UNESCO Sites

Terracotta soldiers lined up in the pit

Soldiers in pit1

1. Xi’an, China – Mausoleum of the First Qin Emperor – according to the UNESCO World Heritage List:

Because of their exceptional technical and artistic qualities, the terracotta warriors and horses and the funerary carts in bronze are major works in the history of Chinese sculpture prior to the reign of the Han dynasty.

 

You can read more about the Terracotta Army here.

Stretch of the Great Wall

Stretch of the Great Wall

2. Beijing, China – the Great Wall is on the UNESCO World Heritage List since 1987:

The Great Wall was continuously built from the 3rd century BC to the 17th century AD on the northern border of the country as the great military defence project of successive Chinese Empires, with a total length of more than 20,000 kilometers.

 

You can read more about how you can visit the Wall, here.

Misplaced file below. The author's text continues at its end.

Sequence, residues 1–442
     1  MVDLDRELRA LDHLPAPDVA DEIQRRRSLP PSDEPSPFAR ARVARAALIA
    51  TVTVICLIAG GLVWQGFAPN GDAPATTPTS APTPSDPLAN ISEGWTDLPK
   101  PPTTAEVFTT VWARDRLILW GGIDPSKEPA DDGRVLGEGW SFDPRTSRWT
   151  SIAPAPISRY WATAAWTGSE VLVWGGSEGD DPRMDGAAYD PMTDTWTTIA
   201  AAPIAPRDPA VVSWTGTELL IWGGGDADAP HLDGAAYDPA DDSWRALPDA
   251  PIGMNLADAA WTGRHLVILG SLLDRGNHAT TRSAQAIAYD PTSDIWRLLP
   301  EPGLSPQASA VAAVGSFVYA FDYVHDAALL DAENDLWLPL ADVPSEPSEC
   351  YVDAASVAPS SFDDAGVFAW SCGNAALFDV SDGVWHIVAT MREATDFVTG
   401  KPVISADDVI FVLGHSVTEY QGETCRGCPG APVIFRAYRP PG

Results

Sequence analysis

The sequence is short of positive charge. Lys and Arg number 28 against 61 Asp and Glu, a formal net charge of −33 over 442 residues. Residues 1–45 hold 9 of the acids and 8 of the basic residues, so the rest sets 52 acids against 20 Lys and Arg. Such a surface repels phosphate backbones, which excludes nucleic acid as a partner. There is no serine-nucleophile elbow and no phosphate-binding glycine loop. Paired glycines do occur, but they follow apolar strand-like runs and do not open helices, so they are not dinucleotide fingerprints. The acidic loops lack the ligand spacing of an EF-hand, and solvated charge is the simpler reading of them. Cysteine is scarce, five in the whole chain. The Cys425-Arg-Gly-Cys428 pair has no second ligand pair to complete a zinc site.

3. Macau, Historic  Center  – on the UNESCO World Heritage List since 2005:
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With its historic streets, residential, religious and public Portuguese and Chinese buildings, the Historic Center of Macao provides a unique testimony to the meeting of aesthetic, cultural, religious, architectural and technological influences from East and West.

 

More about Macau, here.

4. Imperial Palaces of the Ming and Qing Dynasties in Beijing and Shenyang – according to the UNESCO World Heritage List:

A view over th Forbidden City in Beijing

Forbidden City

Seat of supreme power for over five centuries (1416-1911), the Forbidden City in Beijing, with its landscaped gardens and many buildings (whose nearly 10,000 rooms contain furniture and works of art), constitutes a priceless testimony to Chinese civilization during the Ming and Qing dynasties.

 

You can read more about the Forbidden City in the post about Beijing.

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